A devastated family are pleading for witnesses to a collision that has left a 14 year old boy fighting for his life in Oxford to come forward.
Jack Taylor has a blood clot on his brain and a fractured skull after he was hit by a silver Mercedes in Ock Street, Abingdon.
In a tragic twist, his schoolmate Ty-Ree Partridge was killed just a few streets away in 2009 when she fell off her bike into the path of a lorry - and the year before another pupil cycling died near the school.
Jack was on his way to school at the time of the collision - something he did every day. He was airlifted to the John Radcliffe Hospital.
His mother Nicola Berry told the Oxford Mail: "With the injuries he has, he is on the critical end of the scale, which doesn’t sound very promising.
“There is still a lot of blood coming from the clot on his brain and they need to keep him asleep for a few more days. On Monday they are going to try to wake him up gradually. We’ve been up there a lot, but his stepdad hasn’t left his side.”
Jack's stepfather Martin stressed the importance of getting to the bottom of what happened.
"We want to find out exactly what happened, not just hear about things second- and third-hand.
“He was cycling to Larkmead School and he had got to Ock Street, where there’s an island and you have to cross.
“We heard the helicopter and the sirens, but we never thought for one moment it would be for our son.
"I want to appeal for witnesses to come forward and help the police. We need to know what happened."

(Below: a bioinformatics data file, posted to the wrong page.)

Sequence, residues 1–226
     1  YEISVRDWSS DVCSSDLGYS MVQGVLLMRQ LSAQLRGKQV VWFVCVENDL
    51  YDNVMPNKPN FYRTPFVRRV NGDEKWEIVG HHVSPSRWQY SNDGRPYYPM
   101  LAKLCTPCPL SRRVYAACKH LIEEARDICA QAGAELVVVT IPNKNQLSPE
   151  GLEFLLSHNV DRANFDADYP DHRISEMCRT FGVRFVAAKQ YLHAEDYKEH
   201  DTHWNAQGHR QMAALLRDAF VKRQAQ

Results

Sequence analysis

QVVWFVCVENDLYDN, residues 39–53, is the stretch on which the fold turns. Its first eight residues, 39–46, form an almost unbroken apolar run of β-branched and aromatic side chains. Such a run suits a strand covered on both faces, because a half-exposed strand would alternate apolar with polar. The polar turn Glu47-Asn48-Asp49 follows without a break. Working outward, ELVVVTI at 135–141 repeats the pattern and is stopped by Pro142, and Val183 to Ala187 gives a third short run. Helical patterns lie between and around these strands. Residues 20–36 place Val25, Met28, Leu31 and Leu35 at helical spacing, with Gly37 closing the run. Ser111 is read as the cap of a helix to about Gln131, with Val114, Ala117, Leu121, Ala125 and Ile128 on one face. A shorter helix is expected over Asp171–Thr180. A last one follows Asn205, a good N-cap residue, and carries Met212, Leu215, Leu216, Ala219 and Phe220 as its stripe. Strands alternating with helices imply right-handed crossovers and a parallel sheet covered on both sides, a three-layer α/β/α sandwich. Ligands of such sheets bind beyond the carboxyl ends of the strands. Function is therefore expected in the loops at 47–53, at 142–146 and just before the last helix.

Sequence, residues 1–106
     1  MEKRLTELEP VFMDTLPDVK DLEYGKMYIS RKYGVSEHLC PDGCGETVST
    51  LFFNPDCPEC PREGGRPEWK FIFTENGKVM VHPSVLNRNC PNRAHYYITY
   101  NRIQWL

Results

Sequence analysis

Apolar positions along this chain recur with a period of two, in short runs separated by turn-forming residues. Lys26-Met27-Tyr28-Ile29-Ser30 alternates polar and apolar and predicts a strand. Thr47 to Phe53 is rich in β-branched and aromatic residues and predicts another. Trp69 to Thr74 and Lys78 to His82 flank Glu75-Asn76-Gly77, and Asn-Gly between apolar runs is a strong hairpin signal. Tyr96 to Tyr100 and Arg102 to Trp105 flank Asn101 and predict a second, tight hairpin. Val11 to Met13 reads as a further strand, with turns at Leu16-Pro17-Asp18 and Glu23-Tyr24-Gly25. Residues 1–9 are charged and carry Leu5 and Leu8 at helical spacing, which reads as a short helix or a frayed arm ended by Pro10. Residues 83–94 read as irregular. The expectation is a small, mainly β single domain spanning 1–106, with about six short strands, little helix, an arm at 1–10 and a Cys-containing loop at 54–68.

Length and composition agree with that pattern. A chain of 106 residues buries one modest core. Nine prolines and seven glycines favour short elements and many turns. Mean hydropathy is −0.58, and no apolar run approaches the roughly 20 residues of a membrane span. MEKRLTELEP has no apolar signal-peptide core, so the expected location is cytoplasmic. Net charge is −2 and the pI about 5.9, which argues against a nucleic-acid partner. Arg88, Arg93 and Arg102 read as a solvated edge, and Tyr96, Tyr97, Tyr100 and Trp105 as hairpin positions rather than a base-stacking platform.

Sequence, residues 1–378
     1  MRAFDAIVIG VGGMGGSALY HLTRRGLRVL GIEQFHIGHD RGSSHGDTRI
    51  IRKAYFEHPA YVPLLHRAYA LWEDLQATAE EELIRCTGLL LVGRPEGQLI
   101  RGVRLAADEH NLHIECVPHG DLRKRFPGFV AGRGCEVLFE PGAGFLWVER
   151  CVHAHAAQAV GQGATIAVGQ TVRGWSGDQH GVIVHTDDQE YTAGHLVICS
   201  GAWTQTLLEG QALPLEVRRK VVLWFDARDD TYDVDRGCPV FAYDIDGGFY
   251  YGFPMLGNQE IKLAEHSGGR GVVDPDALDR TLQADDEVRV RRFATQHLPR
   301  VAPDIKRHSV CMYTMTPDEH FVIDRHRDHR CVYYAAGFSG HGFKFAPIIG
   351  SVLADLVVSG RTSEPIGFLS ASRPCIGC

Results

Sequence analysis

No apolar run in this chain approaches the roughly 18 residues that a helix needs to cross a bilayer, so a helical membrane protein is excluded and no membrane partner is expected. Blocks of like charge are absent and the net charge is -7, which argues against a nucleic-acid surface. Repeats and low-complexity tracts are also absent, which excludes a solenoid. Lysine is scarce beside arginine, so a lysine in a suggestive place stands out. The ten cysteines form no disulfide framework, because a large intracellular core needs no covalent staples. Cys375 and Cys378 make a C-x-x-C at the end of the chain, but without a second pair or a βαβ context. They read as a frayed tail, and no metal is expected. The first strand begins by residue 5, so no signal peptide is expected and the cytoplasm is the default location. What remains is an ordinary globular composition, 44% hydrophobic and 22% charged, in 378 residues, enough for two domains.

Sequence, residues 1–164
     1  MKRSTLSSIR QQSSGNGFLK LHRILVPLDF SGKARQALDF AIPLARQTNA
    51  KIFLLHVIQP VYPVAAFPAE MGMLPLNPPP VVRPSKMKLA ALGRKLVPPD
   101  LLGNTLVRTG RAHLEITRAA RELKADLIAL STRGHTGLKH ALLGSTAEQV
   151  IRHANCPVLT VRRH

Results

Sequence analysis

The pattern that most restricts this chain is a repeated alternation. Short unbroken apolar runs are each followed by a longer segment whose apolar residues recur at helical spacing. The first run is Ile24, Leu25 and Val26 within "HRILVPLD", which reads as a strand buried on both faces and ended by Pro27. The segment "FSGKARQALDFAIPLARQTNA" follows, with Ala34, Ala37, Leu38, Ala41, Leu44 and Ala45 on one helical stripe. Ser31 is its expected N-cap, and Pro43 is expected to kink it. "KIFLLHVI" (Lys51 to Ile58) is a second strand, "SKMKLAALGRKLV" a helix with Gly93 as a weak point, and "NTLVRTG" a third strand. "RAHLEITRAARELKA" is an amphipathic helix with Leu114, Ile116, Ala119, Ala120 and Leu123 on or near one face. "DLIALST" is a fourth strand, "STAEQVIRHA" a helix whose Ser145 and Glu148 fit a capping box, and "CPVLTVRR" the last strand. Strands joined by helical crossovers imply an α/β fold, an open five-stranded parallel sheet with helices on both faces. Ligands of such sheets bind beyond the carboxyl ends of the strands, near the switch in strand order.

Jack had been at Larkmead School since he was 11 - meaning he was likely to have known Ty-Ree Partridge. In response to her death, local schools campaigned for safer road crossings in the area.
The year before her death, another Larkmead pupil, Sarah Waterhouse, 17, died after her bicycle was in collision with a school coach in Colwell Drive.
Larkmead headteacher Chris Harris said: “There is a lot of concern for him in school. We had an assembly for his year group on Thursday where we talked about the situation, explained what we knew about the incident and how Jack was.
“We have sent our own wishes to his family and we are willing him to get better.”
After an unpromising start, having to be bribed by her parents to learn to ride without stabilisers, Sarah became rather keener on cycling in her university years, and was eventually persuaded to upgrade to proper road cycling by the prospect of a shiny red Italian bike, which she promptly destroyed by trapping a pair of knickers in the rear derailleur. Sarah writes about about cycling every weekend on road.cc.